What fascinating places these modern Universities are! They’re something I have never seen before! Not only do the sons of non-aristocratic families have access to them, but also their daughters! However, the way of learning is so rigid, that each student can only focus on one area. And I am afraid that many of them get so worried with papers and exams that they miss the joy of knowledge.
Imagine for a moment that Aristotle attends the same lecture as you, taught by Professor Plato. Would they not find many aspects of University life quite astonishing? The University, as an institution of research and higher education has changed in many ways from its origins.
Plato’s Academy in Athens (4th century BC) is considered as the beginning of the University in the Western world. It was not a school with teachers and students as we understand nowadays, but a “club” where its members would gather to discuss different topics, especially on philosophy and culture. Here learning proceeded as a dialogue between two people, each trying to persuade the other that their view was correct. If Plato came back to University as a lecturer today, he would find it awkward to speak for an hour without hearing any views from his students. Aristotle would also have problems as a student attending Plato’s lecture today, as he would try to speak for longer than his modern contemporaries would expect from a student in a lecture hall.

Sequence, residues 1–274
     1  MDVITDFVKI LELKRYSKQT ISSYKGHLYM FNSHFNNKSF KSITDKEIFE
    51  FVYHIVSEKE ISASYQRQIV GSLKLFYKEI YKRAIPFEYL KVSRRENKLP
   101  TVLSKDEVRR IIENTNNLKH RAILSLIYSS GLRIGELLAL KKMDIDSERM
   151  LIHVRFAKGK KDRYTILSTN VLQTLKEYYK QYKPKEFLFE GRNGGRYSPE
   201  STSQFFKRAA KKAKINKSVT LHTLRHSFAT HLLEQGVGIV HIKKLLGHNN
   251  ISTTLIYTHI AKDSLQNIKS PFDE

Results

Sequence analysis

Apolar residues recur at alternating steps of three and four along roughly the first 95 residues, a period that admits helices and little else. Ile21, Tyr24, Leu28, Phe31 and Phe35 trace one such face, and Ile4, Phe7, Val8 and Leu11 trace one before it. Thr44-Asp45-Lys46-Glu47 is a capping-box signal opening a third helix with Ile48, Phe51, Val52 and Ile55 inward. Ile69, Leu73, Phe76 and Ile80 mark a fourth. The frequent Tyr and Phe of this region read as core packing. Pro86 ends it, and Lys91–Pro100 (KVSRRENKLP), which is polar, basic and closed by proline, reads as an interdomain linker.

Not only that, I am also sure that the topics covered in a degree program would be too limited for him. Moreover, the idea of studying a degree on only one topic would feel strange, as Aristotle studied and wrote on a wide range of subjects, from physical science (anatomy, astronomy, economics, geography, meteorology etc) to philosophy (aesthetics, ethics, politics, theology etc). Do not think that Aristotle was a unique case during his times. Other men such as Socrates and Hippocrates also possessed great knowledge on a wide variety of topics; very different from the specialization of the degrees we have now at University.
Another characteristic that all these men have in common is their family origin. Plato was born into an aristocratic family, Aristotle’s father was a personal physician to King Amyntas of Macedon and Hippocrates learned medicine from his father and grandfather. Higher education was an opportunity limited to a few people from privileged backgrounds. I guess at that time a daughter of a hairdresser like me would not have any chance to study a BA at all!
One of the positive aspects of university nowadays is that thanks to the efforts of many people and governments, access to higher education is becoming less difficult – in some parts of the world at least – despite the struggle that many have with loans and part-time jobs.
But the biggest change, at least from my point of view, would be the award achieved at the end of the degree. The first degree-granting university in Europe was the University of Bologna, in 1088, which means that Aristotle and his contemporaries were not awarded with a document at the end of their studies, which recognised their achievements. Nowadays, most of us are at University to get a degree, a piece of paper which will open up a pathway to education of a higher level or a graduate level job, and the desire of knowledge, let’s be honest, is a secondary aspect.